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September Eleventh in Retrospect

Ten years ago, a tragedy oc­curred that would forever change the history of the United States of America. On Sept. 11, 2001, the World Trade Center was destroyed by a terrorist at­tack. This event, as horrible as it was, created a newfound sense of unity throughout the United States. Everyone remembers where he or she was when the attacks occurred; they affected everyone in the United States and the world profoundly, even today.

I remember exactly what I was doing when I heard about the attacks. I was in third grade, do­ing classwork, when my teacher started receiving numerous phone calls from the main office. Parents had arrived to pick up their children from school. I was confused. I did not know where my classmates were going, but soon enough, one of the phone calls was for me. I went down to the main office and my mother and brother were there waiting for me. I asked my mom what had happened and she told me that there had been a terrorist attack in the city. I was so scared that the terrorists were going to bomb my school or home. My dad was in the hospital at the time and he was supposed to be discharged that day, and we were really nervous because we thought that he would not be let out due to the attacks. Luck­ily, however, my dad was dis­charged later that day.

The aftereffects of 9/11 also had a huge impact on my fam­ily. My dad and my uncle are both members of the New York City Police Department and were therefore involved in the cleanup of ground zero. The toxic chemicals in the air had negative health effects on both of them. My uncle contracted lupus from his work at ground zero. Along with the health ef­fects, they saw firsthand the de­struction that had occurred on this day. Their experiences will certainly stay with them for the rest of their lives.

One interesting account of 9/11 was that of Mahjabeen Rafiuddin, Rollins’ director of Multicultural Affairs. When the attacks occurred, Rafiuddin was working for the National Conference for Community and Justice (NCCJ). The aim of this company is to build community through the sharing of cultures in the U.S. The attacks were pro­fessionally divisive for Rafiud­din because they led people to fear Muslims. It also affected her on a personal level because she and her family are Muslim. Her brothers were the same age as the terrorists at the time, which caused a lot of worry through­out the family. Hate crimes were on the rise and her broth­ers and father were also called in for Special Registration with the FBI. During Special Regis­tration, the men were called in for severe interrogation because of their race. Special Registra­tion was a covert operation be­cause, in many ways, it was a huge human rights violation. Rafiuddin said that although this racial discrimination really terrified her, she and her family were able to understand that in this situation, certain extra pre­cautions needed to be taken in order to insure national security.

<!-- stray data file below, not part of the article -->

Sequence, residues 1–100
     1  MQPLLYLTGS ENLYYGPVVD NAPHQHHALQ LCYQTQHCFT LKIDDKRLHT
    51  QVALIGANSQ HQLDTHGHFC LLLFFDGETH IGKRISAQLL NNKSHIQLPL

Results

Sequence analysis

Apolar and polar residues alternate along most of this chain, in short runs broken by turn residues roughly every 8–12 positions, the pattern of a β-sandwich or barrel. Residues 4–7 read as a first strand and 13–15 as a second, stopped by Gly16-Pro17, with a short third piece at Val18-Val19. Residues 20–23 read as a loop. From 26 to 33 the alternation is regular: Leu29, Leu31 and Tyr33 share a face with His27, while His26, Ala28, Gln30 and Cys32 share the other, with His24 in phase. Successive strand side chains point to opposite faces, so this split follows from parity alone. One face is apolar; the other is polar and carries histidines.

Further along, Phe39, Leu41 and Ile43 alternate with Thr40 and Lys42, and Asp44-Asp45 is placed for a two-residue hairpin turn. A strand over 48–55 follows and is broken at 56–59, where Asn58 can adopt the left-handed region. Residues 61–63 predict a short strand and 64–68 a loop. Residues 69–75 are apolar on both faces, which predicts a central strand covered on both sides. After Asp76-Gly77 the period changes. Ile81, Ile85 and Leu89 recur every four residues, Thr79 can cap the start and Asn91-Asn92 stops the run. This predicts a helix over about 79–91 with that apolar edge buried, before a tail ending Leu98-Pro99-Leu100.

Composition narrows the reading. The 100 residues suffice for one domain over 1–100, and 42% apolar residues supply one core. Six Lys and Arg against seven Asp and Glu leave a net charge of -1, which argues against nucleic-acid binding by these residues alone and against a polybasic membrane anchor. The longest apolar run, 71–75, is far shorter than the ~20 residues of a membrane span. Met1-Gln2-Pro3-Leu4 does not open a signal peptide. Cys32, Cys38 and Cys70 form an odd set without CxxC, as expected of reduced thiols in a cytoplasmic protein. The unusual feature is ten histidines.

Assistant Professor of Po­litical Science Dan Chong also shared an interesting account of that day. When the planes hit, he was walking his three-week old daughter in a stroller at the National Zoo in Washington, D.C., about three miles from where the Pentagon would later be hit.Chong shared his feel­ings about that day, stating, “I remember having two distinct feelings on that day: sadness for the victims who suffered those horrible crimes, and fear for the world that my daughter would inherit.” At the time, Chong was studying asymmetric war and conflict resolution in graduate school. This made him think about how awful it would be if the United States overreacted by restricting human rights and rushing to war with Muslim na­tions, because this would be the exact reaction that the terrorists would be seeking.

Scott Alfano, Crummer stu­dent and Bronx native, was in New York City when the attacks occurred. He was in his first week of 10th grade at Riverdale Country School in the north Bronx. During homeroom, he and his classmates heard about the first plane hitting and thought it had been an accident. When they heard of the second plane hitting, however, every­one started worrying about fam­ily members working in the city. Alfano’s brother-in-law worked in a bank across the street from the towers and it was all he could think about.

Cell towers were overworked in the city, which made con­tacting others impossible. Classes were canceled at noon that day and did not resume until the following Monday. Students were stranded at school, as buses and the sub­ways were shut down. Alfano had about 15 people come back to his house until they could contact their families. When Alfano heard from his brother-in-law, he discovered that he was physically fine but emotionally scarred forever; he had seen about 25 people jump out of the towers because they knew they had no way out of the building. Like many others that were there, he says, “he can still hear the bodies hitting the ground around him.”